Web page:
So, getting into the Opel prompted a sobering realization: I’m a fair bit older now than my parents were (and not that much younger than my grandmother, who is shorter and much thinner than me, was) when they were so limberly climbing in and out of this tiny, low little car. I whacked my head on the A-pillar, had to contort my legs to avoid marring the impossibly white vinyl on the door panel with my shoes, and generally felt creaky and old.

Once inside, I found the seat reasonably comfortable and the steering wheel comically tiny. (Mind you, I’m used to bus-sized steering wheels.) The seat offered more fore-and-aft adjustment than I was expecting and, honestly, I ended up putting it too far back. I realized this at the same time I became aware of the extremely long travel of the clutch pedal, but I’m getting ahead of myself.


A special delight was testing out the flip-up headlight mechanism. I should say flip-around; with a very satisfying thunk of the pistol-grip lever on the center console, both headlights pivot open from right to left along a central axis. It is a purely mechanical process, and more fun than anything so simple has a right to be.

My drive in the GT was brief and humbling. Getting used to the nuances of any old, manual transmission car takes a little time, and the lack of this commodity – the GT’s headlights were inop, we were running out of daylight fast, and I wanted to make sure Andy had time to get home safely – coupled with my maladjustment of the seat meant that I think I got a fair approximation of my dad’s experience the day he bought a car he didn’t know how to drive and tried to get it home.

I got the car going after a few frightening attempts to not roll it backwards into the tree that had seemed like such a scenic photo backdrop, built up a little momentum – uphill, of course – got it out of first, and…could wrangle the lever neither into second nor back into first.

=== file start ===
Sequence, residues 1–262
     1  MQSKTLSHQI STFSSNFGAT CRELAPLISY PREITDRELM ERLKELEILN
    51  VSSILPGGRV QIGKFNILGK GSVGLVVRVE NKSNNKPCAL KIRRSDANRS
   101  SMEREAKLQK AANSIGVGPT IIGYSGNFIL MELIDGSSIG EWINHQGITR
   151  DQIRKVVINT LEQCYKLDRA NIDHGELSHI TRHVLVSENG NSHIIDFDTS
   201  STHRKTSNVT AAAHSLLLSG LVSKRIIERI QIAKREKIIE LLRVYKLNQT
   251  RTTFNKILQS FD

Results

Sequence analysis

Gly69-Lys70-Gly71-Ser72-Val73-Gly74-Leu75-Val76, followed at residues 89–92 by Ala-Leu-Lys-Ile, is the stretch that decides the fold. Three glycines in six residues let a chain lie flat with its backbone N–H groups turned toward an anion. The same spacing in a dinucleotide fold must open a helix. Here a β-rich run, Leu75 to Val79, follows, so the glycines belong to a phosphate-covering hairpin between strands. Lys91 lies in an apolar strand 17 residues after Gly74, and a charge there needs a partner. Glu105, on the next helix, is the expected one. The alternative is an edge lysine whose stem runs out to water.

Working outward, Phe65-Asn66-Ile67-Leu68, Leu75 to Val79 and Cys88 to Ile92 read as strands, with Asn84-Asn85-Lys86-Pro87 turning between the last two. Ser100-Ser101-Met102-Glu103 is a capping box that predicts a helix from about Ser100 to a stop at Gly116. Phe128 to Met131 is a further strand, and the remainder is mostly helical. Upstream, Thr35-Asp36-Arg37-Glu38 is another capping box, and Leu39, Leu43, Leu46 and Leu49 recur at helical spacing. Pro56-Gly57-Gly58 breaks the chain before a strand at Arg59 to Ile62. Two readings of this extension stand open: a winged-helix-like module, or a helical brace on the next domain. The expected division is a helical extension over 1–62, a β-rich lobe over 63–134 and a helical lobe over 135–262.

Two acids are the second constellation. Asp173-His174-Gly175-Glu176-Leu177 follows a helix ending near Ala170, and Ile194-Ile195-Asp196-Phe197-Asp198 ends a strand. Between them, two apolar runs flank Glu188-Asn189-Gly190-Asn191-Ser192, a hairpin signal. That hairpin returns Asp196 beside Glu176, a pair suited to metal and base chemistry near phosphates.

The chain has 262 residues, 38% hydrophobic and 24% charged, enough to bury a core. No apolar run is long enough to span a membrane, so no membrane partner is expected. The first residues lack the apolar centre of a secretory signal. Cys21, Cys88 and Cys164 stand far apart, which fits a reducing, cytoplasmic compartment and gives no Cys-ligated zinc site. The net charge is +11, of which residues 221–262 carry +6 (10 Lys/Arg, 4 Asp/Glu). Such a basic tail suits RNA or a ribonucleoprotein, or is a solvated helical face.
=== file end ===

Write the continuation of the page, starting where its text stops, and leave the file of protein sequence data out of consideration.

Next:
It took several tries before I realized that the engagement point on the clutch was nearly beyond the reach of even my long legs because I had pushed the seat back too far. Give the Opel points for a more accommodating cabin than its petite size would suggest! Once underway again, I made it all the way into second gear before running out of time. So, I can say that, at the lower end of its power band, the 1.9-liter Opel is a spirited performer with (thankfully) adequate brakes and a rather vague shifter. First gear in the GT is much longer and more useable than in my BMW with its big six, the better to wring more flexibility out of the Opel’s little engine.

If the opportunity should arise to drive an Opel GT again, I will definitely jump at it, but there was something right and special about this awkward first encounter. It’s a rare car that can transport you back to your teenage years, but a rarer one still that takes you back to your parents’!

A million thanks to Andy Kelchner for his fabulous GT, to his neighbor, Ron Lawrence, for helping me track him down, and to Nick Farrell for the amazing photography!